According to a Sunday press release, Fiat-Chrysler announced that an assembly error detected last month may cause a suspension component to fail in some 2015 Dodge Durango SUVs and Jeep Cherokee models. The automaker said that the rear control arm was not properly heat-treated, causing a defect which is estimated to occur in no more than 13 percent of the vehicles manufactured during the 8-day period that the flawed process occurred. The error was discovered by a supplier who discovered the problem during a quality review, but not before the company manufactured over 7,700 of the vehicles, including at least 5,100 destined for U.S. markets. Specifically, Fiat-Chrysler announced that it will call 65 owners of the vehicles that have already been purchased, urging them to stop driving the vehicles immediately while Fiat-Chrysler arranges for an inspector to come to their house. The remaining vehicles are either at dealerships or are in-transit to dealers. Federal regulations prevent the company from selling any of the vehicles until the recall is completed and all affected vehicles are inspected. Company spokesman, Eric Mayne, also announced that loaner vehicles will be available for customers affected by the recall. The assembly problem has since been corrected and the plant is back to manufacturing the models.
The latest error adds to the list of recalls for Fiat-Chrysler, over 20 in total, affecting more than 10 million vehicles. It is unusual for a company to issue such an urgent recall especially since no deaths or injuries have been reported from the defect; however it is not completely surprising. The National Highway Transportation Safety Administration (NHTSA), the nation’s top auto regulator, will hold a hearing on Thursday to assess if Fiat-Chrysler has acted with appropriate level of urgency in identifying and fixing the myriad of defects. NHTSA chief, Michael Rosekind, has indicated an aggressive posture toward the company since assuming the post last December. After announcing during an April auto show that he is considering re-opening an investigation into Jeep’s exploding gas tank problem, Fiat-Chrysler issued a voluntary recall of about 60,000 vehicles for minor ignition-switch and airbag defects that likewise caused zero deaths or injuries. The urgent recall also comes after the company lost a massive $150 million judgment against a Georgia family after gas tank on 4 year-old Remi Walden’s aunt’s 1999 Jeep Grand Cherokee exploded after being rear-ended, burning Walden alive. The accident occurred during the NHTSA’s investigation of Jeep for the gas tank problem on other models. Despite the tragedy, the investigation was closed with the NHTSA agreeing to a makeshift solution of adding hitches to the vehicles’ bumpers to increase the distance from the point of impact to the gas tank. The former NHTSA Administrator in charge during the investigation, David Strickland, resigned in December, 2013 to become a lobbyist for the auto industry, although the agreement was finalized in 2014, under interim director and current NHTSA deputy director, David Friedman.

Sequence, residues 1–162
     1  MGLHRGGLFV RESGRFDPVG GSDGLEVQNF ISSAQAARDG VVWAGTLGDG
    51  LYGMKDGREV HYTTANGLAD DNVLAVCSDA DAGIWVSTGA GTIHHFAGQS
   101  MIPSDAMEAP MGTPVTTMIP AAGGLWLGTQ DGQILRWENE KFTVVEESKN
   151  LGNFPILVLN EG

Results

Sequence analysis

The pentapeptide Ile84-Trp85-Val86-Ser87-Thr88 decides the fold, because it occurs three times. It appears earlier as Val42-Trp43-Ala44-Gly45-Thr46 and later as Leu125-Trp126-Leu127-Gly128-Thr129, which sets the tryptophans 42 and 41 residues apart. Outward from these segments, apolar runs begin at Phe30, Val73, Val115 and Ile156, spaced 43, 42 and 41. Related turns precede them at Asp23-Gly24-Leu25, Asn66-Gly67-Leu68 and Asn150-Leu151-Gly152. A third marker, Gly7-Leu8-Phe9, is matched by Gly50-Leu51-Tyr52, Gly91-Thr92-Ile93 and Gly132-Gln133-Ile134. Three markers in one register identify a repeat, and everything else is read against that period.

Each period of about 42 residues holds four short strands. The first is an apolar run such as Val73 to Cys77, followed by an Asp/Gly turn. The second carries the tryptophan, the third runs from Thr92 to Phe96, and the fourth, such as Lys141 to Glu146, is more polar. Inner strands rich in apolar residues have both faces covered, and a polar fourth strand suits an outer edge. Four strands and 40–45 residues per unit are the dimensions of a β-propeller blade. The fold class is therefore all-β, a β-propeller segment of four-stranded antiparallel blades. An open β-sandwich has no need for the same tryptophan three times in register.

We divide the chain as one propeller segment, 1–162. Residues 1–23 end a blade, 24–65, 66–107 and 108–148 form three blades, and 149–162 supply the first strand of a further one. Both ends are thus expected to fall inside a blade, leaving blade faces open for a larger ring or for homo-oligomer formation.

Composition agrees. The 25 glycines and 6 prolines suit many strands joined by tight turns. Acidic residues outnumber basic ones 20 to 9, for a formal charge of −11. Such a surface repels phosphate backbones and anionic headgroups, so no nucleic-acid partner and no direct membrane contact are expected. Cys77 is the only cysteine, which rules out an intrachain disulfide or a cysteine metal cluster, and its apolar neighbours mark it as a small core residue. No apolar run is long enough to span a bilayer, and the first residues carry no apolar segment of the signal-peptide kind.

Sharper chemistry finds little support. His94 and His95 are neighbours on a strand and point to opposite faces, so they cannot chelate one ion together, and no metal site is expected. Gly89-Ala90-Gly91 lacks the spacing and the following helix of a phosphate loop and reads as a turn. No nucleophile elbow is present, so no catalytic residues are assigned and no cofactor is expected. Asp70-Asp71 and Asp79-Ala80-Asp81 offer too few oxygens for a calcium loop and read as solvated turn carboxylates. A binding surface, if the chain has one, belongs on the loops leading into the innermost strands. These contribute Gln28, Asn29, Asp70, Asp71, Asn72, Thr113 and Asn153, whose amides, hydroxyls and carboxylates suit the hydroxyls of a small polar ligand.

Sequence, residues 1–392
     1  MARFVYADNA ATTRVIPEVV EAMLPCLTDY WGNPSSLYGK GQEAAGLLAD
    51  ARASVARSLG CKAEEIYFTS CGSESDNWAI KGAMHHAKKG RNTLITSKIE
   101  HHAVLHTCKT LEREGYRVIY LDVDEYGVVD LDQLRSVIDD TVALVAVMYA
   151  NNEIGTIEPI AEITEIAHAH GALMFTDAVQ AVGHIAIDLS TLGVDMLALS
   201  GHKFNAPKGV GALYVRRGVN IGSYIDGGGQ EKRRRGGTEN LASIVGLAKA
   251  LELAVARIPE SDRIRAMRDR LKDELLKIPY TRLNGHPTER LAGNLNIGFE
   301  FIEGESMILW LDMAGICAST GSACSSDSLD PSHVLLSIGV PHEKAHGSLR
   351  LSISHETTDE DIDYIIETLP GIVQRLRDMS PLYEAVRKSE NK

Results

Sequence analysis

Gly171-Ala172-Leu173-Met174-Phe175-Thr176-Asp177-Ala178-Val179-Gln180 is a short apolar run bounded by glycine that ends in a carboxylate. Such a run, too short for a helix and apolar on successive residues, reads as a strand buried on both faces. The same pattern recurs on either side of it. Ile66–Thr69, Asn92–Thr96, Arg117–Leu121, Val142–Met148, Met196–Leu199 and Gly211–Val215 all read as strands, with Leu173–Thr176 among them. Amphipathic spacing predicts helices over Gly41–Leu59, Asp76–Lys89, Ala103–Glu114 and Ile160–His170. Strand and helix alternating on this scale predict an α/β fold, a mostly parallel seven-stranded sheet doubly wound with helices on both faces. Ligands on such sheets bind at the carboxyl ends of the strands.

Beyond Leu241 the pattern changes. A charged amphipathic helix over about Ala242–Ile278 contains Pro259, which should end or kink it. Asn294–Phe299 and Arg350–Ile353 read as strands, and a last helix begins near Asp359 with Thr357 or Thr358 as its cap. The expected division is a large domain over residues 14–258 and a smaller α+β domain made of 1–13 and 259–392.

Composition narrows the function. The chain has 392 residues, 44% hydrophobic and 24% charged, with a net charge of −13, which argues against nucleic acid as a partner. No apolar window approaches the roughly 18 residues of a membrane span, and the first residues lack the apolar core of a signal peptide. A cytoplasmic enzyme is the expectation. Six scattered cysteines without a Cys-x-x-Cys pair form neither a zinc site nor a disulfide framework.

CNN Money – Jackie Wattles
Detroit Free Press – Brent Snavely
New York Times – Christopher Jensen